Over the past few years, there’s been a dramatic increase in hydrofracking activity in the shale. Pennsylvania, for instance, has issued over 8000 permits and started over 4000 wells since 2008. Drilling companies and other supporters of lifting the ban point to Pennsylvania’s recent economic windfall and a NYSDEC study that estimates fracking would directly create 25,000 jobs in New York.
Currently, New York has a ban on fracking permits in the shale, pending the release of new regulations by the New York State Department of Environmental Conservation. But though the NYSDEC had planned to release those regulations sometime in the new year, fears about the potential environmental impact of hydrofracking could delay a decision until the summer — or even until 2013.
A major concern is that the process could potentially contaminate the state’s water supply since the shale is so close to the main water source for much of the state — including New York City. In some fracking site-adjacent towns, homeowners have reported that their tap water has turned brown or become highly flammable.
One of the reasons Pennsylvania has seen an explosion of fracking in the Marcellus Shale region, apart from Governor Tom Corbett being in the hip pocket of the oil and gas industry, is the economic potential. That extends to the individuals whose land sits on top of the shale, many of whom get large payouts from natural gas operators for the right to drill.
A decision on opening up the Delaware River Basin to fracking, an area which includes upstate New York and which provides drinking water to 15.8 million Americans, has been postponed. But New York lifting the moratorium would lead to another fracking boom in the Marcellus Shale region. The public comment period for the NYSDEC (New York State Department of Environmental Conservation) ends January 11. Because of the number of public comments – over 15,000 – review and rulemaking could get delayed even into 2013. There’s also a proposal in the New York state legislature to extend the moratorium for an additional year. So there are chances for success for environmentalists.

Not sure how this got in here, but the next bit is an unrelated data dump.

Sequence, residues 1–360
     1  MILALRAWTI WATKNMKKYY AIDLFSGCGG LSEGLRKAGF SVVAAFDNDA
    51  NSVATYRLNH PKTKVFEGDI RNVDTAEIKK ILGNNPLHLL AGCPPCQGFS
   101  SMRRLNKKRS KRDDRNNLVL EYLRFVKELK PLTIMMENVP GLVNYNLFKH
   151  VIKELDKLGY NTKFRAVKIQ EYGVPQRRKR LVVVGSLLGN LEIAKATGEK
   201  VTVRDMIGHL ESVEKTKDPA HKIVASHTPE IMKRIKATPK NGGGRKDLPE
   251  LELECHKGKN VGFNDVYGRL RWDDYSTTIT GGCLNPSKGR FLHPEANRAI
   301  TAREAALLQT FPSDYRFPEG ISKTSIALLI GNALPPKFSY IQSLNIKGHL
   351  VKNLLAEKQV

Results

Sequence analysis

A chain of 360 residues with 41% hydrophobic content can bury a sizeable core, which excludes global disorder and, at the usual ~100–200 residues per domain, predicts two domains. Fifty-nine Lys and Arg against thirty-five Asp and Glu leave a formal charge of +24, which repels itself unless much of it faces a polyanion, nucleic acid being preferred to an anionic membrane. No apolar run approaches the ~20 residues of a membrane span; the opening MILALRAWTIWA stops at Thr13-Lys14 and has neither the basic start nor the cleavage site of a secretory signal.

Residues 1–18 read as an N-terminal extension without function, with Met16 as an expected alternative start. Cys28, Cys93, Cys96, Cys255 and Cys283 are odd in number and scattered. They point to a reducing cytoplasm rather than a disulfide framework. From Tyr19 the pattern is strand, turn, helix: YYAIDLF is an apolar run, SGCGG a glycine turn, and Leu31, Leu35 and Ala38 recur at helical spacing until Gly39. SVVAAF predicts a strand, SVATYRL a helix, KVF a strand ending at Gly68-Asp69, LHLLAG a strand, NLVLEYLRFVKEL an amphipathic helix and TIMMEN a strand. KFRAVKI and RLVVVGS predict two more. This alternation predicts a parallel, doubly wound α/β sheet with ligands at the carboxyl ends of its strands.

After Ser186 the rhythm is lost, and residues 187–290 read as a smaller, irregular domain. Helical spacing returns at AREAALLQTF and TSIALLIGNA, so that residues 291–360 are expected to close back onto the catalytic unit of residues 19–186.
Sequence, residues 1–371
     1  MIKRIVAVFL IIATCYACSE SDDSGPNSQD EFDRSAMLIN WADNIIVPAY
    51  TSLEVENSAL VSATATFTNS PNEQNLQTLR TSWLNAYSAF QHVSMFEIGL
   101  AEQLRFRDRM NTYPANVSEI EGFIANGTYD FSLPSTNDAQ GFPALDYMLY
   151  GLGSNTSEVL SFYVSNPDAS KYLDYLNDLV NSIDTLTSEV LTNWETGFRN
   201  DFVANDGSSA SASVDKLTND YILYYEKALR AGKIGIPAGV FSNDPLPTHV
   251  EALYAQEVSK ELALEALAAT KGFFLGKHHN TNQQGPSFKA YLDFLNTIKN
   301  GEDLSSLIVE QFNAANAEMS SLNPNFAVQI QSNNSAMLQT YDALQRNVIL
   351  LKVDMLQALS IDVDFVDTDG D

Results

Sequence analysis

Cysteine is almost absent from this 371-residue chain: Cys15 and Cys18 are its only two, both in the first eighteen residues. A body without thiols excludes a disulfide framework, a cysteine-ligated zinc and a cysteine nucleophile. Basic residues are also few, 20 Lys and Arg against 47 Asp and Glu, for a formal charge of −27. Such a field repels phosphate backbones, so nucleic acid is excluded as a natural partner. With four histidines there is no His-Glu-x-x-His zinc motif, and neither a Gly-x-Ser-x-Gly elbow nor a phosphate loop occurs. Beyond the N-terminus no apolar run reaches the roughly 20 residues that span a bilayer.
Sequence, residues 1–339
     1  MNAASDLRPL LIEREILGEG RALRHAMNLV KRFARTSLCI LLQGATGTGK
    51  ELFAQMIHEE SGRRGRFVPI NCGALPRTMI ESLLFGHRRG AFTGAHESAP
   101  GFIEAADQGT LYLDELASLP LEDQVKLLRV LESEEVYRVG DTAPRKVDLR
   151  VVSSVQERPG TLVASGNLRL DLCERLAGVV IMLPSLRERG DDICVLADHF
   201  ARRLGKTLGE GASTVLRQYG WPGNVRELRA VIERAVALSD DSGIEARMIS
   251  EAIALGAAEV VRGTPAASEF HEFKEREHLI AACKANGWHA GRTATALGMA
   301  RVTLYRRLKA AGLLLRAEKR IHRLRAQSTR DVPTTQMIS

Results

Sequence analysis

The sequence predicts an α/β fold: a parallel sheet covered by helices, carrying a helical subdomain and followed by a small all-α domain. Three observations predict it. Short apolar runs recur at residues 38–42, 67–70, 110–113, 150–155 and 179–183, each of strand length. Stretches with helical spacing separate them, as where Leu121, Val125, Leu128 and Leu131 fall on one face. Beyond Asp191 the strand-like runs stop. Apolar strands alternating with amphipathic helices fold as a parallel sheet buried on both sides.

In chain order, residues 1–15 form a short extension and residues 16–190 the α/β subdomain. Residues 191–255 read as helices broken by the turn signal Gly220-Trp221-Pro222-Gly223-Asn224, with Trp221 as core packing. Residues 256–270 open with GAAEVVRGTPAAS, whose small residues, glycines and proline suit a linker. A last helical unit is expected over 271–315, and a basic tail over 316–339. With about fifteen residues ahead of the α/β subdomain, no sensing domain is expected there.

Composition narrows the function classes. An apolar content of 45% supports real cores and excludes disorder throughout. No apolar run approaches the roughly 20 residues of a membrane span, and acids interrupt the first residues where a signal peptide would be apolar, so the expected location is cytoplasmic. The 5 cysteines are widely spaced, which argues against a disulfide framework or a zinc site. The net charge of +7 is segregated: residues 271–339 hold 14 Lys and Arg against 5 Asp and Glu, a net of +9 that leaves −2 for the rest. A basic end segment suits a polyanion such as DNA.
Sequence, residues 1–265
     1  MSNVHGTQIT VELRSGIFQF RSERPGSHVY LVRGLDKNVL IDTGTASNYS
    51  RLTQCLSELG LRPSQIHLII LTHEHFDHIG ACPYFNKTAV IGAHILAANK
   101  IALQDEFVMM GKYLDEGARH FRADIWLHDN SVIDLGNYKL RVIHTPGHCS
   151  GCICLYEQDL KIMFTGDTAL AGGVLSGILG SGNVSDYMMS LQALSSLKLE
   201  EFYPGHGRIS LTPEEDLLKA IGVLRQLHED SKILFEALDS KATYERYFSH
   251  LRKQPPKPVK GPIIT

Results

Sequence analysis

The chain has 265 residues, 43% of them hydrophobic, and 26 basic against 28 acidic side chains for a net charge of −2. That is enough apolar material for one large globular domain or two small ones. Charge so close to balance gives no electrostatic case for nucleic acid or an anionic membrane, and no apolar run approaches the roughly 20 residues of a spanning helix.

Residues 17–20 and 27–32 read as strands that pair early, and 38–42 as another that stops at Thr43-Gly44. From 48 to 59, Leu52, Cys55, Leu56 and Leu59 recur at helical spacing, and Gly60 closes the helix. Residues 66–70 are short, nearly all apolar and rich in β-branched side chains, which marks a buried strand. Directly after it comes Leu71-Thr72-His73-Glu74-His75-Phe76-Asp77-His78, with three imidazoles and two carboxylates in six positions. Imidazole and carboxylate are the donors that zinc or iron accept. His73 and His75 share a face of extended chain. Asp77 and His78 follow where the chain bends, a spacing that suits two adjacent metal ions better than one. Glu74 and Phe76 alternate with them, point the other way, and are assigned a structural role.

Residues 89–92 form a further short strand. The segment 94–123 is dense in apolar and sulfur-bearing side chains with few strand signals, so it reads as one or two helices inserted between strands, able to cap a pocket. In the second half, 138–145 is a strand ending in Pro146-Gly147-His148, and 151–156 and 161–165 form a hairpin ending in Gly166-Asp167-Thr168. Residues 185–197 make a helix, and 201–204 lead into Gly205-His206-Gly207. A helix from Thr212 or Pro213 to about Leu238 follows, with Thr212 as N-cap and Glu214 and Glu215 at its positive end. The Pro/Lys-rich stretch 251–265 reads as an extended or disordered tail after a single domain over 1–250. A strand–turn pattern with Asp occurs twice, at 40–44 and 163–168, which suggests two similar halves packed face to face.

Natural gas is often described as a “bridge fuel” while the energy infrastructure transitions away from fossil fuels and toward renewables. But if the cost of extracting natural gas means polluted drinking water across the country, that’s a bridge to nowhere.
In a news dump that came a day early (because who really wants to dump on Christmas-Eve Eve?), the Nuclear Regulatory Commission made a pair of moves Thursday that could have significant consequences for America’s nuclear industry–and all the people who have to live with it.
The Nuclear Regulatory Commission unanimously approved a radical new reactor design on Thursday, clearing away a major obstacle for two utilities to begin construction on projects in South Carolina and Georgia.
Whoa–let’s stop it there for a sec. . . . A “radical new reactor design?” Somebody’s being a good little scribe this Christmas. As previously discussed, there is nothing radical about the AP1000–it’s a tweak on the generations-old pressurized water reactor design that theoretically would allow the core to avoid a meltdown in the event of a total loss of AC power. . . .
Well, for 72 hours, anyway.
After that, the manufacturer–in reality the Japanese owner of Westinghouse, Toshiba–says something about it taking only “minimal operator effort” to avert disaster.
Keep in mind that the AP1000 was designed well before the Japanese earthquake and tsunami that started the ongoing Fukushima disaster, but this approval, of course, comes well after.